India is to increase fivefold its solar power capacity target for 2022, surging from 22 GW to 100 GW. The revision of the target set in 2009 under the Jawaharlal Nehru National Solar Mission (JNNSM) was officially announced by Indian Prime Minister Narendra Modi on Wednesday (June 17), although the target had already been introduced upon previous occasions. The new target consists of 40 GW from rooftop solar and 60 GW from large and medium utility-scale projects connected to the grid. This figures imply a massive growth of the solar power capacity in the country, which recently passed 4 GW.
The action plan that was outlined in a press release calculated a total investment of around $ 94 billion. The plan entails the participation of a number of stakeholders, including State governments and private investors, to contribute to the attainment of this very ambitious target.
A share of the investment ($ 2.5 billion) will be given in form of capital subsidy for rooftop solar installments in various cities and towns through the Viability Gap Funding (VGP) scheme and for off-grid generation through small solar projects. A larger sum ($ 15 billion) will be created using a bundling mechanism with thermal power in the sale of electricity to distribution utilities. This system consists of selling together energy from relatively expensive solar power and cheaper conventional power to the energy distributor at a weighted average price. In this way is possible to reduce the impact of the price of solar and ensure the purchase of solar-generated electricity.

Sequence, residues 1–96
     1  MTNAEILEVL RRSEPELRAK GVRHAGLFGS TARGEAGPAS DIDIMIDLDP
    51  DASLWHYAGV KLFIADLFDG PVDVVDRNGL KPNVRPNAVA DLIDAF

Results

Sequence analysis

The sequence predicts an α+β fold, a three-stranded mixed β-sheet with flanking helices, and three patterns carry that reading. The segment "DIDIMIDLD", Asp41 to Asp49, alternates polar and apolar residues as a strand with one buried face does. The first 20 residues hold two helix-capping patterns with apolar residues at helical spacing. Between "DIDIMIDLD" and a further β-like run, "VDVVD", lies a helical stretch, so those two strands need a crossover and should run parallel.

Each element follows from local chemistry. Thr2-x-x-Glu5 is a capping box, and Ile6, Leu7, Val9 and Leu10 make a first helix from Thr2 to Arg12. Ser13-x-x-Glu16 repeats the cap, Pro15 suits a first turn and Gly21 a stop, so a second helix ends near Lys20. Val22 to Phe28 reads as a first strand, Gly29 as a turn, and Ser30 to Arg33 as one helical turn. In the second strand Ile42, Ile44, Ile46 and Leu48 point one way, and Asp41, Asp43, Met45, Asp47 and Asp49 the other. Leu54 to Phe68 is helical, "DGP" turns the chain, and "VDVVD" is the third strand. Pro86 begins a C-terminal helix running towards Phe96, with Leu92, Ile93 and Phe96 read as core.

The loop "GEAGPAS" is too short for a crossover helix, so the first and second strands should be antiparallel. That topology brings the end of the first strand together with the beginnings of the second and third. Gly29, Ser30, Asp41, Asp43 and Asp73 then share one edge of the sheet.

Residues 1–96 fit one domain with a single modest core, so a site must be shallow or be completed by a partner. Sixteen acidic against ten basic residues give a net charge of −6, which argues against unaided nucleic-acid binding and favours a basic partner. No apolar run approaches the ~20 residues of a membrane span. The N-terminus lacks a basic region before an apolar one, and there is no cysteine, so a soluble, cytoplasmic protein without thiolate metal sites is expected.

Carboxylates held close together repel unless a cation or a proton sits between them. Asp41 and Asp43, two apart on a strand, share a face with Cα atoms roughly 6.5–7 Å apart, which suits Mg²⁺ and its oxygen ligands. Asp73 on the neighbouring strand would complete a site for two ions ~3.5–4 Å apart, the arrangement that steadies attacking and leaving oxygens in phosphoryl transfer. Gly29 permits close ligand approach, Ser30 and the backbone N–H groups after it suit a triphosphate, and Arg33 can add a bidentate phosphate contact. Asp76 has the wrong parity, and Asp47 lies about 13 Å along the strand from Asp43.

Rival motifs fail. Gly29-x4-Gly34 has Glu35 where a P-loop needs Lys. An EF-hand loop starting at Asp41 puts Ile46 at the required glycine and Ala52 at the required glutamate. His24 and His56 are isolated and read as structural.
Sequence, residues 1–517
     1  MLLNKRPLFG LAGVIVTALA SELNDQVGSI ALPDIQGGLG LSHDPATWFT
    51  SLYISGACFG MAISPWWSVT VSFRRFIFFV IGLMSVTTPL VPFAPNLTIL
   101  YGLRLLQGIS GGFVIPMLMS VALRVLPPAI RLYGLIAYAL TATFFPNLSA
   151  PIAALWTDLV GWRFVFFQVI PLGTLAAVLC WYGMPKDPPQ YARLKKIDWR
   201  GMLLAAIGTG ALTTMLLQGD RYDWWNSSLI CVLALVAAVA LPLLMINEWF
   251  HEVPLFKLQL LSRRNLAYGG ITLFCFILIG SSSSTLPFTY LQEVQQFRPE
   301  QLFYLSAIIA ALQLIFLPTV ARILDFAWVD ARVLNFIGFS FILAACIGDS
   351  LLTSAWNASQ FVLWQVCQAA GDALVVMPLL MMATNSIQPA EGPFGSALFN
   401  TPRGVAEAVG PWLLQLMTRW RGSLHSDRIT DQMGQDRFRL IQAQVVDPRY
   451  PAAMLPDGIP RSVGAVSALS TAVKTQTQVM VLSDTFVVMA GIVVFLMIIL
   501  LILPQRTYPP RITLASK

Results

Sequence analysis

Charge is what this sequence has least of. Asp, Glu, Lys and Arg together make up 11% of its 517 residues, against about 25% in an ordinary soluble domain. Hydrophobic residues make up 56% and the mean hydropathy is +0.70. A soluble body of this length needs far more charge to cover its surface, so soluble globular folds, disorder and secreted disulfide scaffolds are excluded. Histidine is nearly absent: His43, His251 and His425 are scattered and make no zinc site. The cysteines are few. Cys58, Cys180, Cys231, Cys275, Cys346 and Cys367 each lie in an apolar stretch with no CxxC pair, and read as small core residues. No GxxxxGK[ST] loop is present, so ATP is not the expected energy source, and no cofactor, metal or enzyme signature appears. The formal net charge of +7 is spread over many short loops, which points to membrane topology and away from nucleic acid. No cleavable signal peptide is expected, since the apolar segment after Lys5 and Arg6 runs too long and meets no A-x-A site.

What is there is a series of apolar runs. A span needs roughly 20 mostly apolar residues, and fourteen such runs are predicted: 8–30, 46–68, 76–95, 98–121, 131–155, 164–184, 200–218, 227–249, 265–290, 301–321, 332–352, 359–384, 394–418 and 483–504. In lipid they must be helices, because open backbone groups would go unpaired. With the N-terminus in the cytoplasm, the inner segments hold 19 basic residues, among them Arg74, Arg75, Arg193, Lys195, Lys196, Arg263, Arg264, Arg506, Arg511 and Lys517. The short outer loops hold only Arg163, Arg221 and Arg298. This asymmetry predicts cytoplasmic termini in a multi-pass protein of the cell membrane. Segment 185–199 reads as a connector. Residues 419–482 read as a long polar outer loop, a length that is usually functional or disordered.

As the press release reports, the programme will also rely on the contribution of international financing mechanisms such as the Green Climate Fund that will make a significant contribution to help achieve the target. It is calculated that the solar target would generate an emission abatement worth more than 170 million tonnes of CO2, making it highly attractive for international low-carbon finance mechanisms.
The inherent geographical attractiveness of the solar power sector in India and the current favorable environment have sparked massive investments from international solar companies. On Monday (June 22) a group of foreign investors reportedly committed to a $ 20 billion investment in Indian solar projects.
Besides the environmental benefits deriving from the switch to renewable energy, the solar programme hopes to spur the local solar manufacturing industry and create further employment.
Among energy pundits the new target is seen as very ambitious and some have questioned its achievability. However, it is believed that setting such a high target will generate positive impacts for the solar market and will put India at the forefront of the renewable energy transition.
While the level of commitment is not matter of discussion, the scarce incentives to decentralize energy production have drawn some criticism. Chandra Bhushan, from Delhi-based non-profit Centre for Science and Environment, said to Down To Earth: “The biggest social and economic impact of renewable energy will be providing clean energy to the energy deprived. But there are no incentives focused on developing decentralized energy-access solutions”. This seems to be a relevant issue for India’s future energy strategy, considering that, according to the World Bank data, one every four citizens throughout the country does not have access to electricity.
(Image: India One Solar Thermal Power Plant, Aburoad, Rajashtan, India. Photo credit: India One/Wikicommons)